The Basics of Trailer Repair
New? We’ve Got You!
Lots to Earn, Lots to Learn
If you’ve been working with commercial trucks and trailers for a while, you’re an old pro already. However, if you’re new to hooking trailers or managing a business fleet, we’ve got you. There’s lots of earning potential that requires trucks, but there’s also much learning to ensure safe and efficient trailer hooks. The professionals at ARS Truck & Fleet Service in New Castle, Delaware, are happy to introduce you to the basics of trailer hookups and assist you with all your trailer repair needs.
Let’s start with a basic working knowledge that includes a few definitions. The fifth wheel is the coupler that connects the truck and trailer (shaped a bit like a horseshoe). Once the truck and trailer are joined, a kingpin locks them together so that the steering mechanism of the cab can control the trailer. Until this happens, the trailer rests on legs called landing gear. Air lines deliver air under pressure to the brakes as the air supply valve dictates. This valve is controlled by the large red dashboard button, allowing the driver to release air to unlock the brakes. There’s also a hand valve (Johnson bar and trolley valve are other common names.), but it should only be used to test the brakes. Finally, a tug test lets the driver know if the trailer is indeed appropriately hooked on the truck. It’s done by pulling forward with the trailer brakes on.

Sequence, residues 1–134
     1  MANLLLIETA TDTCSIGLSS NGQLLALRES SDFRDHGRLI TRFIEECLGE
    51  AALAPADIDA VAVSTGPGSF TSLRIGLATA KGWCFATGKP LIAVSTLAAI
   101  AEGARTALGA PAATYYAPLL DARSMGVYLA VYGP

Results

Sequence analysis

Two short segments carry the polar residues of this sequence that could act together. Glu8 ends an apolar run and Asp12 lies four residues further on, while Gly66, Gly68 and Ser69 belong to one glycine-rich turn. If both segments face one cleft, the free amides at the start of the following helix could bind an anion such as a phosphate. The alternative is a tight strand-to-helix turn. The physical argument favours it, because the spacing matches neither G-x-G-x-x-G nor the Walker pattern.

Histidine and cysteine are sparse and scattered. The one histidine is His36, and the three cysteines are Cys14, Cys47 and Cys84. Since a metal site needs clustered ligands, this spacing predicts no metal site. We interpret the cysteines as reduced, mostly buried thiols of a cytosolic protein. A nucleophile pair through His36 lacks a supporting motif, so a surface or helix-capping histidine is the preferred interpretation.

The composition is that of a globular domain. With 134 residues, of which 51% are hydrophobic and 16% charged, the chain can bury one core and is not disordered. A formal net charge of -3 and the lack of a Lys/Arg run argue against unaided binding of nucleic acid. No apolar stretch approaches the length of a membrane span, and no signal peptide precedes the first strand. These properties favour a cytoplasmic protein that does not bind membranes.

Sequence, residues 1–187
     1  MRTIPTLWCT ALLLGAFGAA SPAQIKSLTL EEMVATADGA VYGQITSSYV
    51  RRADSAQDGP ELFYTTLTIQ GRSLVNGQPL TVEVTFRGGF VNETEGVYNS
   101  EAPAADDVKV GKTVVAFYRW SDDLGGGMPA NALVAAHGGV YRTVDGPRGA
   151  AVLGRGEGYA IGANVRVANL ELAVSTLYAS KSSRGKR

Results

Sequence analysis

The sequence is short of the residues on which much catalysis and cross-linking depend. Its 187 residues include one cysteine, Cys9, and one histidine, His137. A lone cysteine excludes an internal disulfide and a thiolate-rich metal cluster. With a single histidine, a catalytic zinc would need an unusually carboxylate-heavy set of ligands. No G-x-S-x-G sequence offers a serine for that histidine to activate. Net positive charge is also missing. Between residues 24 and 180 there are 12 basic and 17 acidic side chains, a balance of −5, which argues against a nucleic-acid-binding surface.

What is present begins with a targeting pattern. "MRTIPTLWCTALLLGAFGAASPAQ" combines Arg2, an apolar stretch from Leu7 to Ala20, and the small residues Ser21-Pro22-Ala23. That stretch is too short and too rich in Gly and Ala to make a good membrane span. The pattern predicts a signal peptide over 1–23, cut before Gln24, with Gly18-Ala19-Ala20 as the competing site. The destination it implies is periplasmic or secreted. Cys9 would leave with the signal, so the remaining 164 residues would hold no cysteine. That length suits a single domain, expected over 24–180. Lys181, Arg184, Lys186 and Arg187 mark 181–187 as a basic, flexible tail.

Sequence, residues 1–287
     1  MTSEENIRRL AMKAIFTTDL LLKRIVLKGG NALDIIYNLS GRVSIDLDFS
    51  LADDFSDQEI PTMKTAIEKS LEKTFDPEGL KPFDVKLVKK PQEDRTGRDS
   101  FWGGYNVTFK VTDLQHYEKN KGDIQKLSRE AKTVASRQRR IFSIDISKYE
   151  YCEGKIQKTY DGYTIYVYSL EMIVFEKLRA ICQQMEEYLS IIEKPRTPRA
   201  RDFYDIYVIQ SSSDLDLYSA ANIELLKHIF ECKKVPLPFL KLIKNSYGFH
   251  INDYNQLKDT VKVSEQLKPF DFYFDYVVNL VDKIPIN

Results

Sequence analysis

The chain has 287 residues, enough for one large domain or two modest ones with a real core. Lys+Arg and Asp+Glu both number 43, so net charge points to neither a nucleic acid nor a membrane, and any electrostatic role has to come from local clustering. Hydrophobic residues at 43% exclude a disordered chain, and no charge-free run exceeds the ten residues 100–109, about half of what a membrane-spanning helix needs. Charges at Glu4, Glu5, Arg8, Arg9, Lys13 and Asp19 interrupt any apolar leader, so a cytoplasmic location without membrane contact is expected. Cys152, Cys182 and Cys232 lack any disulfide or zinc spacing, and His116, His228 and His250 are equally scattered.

A Quick How To
Even if you’re new to commercial driving, you’re likely already familiar with the trailer hookup procedure. However, it’s beneficial to know the protocol either way. Basic steps include:
- Backing the tractor to the trailer at the proper height until the two barely touch.
- Double-checking the height.
- Completing the back under.
- Ensure the handle (out) and cogs (locked) are positioned correctly.
Make sure the kingpin locks, then raise the landing gear and conduct the tug test. Once you’re sure of a proper connection, attach the electrical cord and air lines. Complete the raising of the landing gear, listen for air leaks, and test with the hand valve. Finally, do one more tug test. If you experience equipment difficulties, remember that our ARS Truck & Fleet Service team is here to help you with trailer repair.